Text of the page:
Aesthetic ways of knowing: The mental health nurse experience of delirium superimposed on dementia. Mixed Methods Study

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People who have delirium superimposed on dementia in the UK may be cared for by registered mental health nurses, however there is little in the literature about delirium superimposed on dementia from a mental health nursing perspective.
This paper aims to:
1. Illuminate the experiences of RNMHs caring for people with delirium superimposed on dementia.
2. Explore the way in which mental health nurses “know” the people they care for, using aesthetic knowledge.
A mixed methods design guided by principles of Activity Theory. Purposive sampling was undertaken in NHS and care home settings. Data was collected via semi structured interviews and questionnaire. Thematic analysis of qualitative data was paired with simple descriptive statistics to describe the experience.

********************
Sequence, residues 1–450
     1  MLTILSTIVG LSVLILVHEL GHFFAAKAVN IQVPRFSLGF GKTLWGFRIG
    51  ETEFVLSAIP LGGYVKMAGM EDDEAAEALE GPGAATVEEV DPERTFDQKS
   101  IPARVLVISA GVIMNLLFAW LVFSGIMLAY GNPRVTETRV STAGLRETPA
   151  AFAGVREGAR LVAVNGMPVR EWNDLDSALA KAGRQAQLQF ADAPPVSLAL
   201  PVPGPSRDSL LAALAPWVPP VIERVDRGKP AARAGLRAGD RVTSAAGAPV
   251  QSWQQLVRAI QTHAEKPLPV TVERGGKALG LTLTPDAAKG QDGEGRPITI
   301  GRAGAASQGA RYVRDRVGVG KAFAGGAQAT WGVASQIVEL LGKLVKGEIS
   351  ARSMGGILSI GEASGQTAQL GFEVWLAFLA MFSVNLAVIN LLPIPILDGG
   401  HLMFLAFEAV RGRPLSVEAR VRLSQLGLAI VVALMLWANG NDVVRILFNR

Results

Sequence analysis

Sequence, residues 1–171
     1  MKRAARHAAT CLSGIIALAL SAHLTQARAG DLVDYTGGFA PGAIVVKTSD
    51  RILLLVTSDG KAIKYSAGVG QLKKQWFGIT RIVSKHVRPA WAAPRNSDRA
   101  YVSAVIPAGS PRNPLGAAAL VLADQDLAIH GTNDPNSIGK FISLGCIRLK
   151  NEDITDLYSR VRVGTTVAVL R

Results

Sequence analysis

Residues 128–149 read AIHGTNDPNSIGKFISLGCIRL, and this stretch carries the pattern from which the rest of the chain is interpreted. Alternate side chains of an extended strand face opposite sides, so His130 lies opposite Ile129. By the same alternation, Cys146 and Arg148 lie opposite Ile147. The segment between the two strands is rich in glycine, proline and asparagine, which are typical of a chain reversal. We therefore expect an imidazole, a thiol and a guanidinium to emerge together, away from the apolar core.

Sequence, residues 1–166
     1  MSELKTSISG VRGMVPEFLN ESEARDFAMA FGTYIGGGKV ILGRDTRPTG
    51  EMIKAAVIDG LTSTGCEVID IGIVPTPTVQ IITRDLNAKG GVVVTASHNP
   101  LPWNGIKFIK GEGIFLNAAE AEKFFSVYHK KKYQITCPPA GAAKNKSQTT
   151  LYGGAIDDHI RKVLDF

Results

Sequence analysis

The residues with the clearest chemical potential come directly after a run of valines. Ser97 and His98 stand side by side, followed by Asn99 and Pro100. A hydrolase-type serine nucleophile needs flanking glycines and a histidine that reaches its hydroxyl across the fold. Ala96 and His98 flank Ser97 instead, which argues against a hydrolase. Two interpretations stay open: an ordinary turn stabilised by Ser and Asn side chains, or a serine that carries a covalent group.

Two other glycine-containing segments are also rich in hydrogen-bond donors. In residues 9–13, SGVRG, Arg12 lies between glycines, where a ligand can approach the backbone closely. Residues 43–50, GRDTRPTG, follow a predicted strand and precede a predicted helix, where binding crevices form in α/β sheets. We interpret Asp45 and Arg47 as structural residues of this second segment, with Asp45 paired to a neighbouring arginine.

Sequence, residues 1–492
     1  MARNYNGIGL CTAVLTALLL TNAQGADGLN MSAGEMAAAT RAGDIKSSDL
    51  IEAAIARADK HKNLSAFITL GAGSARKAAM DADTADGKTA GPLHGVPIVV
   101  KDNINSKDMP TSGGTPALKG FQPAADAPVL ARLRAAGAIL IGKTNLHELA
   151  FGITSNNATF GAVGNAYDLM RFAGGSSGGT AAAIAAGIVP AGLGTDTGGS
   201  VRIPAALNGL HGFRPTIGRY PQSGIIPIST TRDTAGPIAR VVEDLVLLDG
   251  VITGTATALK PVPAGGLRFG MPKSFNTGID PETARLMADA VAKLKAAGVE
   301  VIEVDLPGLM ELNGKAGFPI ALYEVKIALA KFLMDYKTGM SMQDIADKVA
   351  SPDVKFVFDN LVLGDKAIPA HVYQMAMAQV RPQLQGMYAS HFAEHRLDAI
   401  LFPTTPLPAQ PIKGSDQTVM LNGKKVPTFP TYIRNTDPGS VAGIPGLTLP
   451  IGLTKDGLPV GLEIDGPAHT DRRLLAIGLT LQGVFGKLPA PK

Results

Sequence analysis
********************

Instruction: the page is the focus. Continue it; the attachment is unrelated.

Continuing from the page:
This paper discusses one key finding from a wider study (Pryor, 2021) relating to the object of care.
It is apparent that mental health nurses have a preference for aesthetic knowledge to support care. They need to “know” the person receiving care, and are influenced by knowing the individual in an aesthetic manner.
The ways in which mental health nurses know their patients influences their care delivery. Their willingness to engage with numerical scores or guidelines is impacted by their perception of their use or usefulness for care decisions. The aesthetic knowledge and practice of mental health nurses caring for people with delirium superimposed on dementia should be recognised and supported to better understand the person with delirium superimposed on dementia.
Original languageEnglish
JournalNursing older people
Publication statusAccepted/In press - 2 Aug 2023

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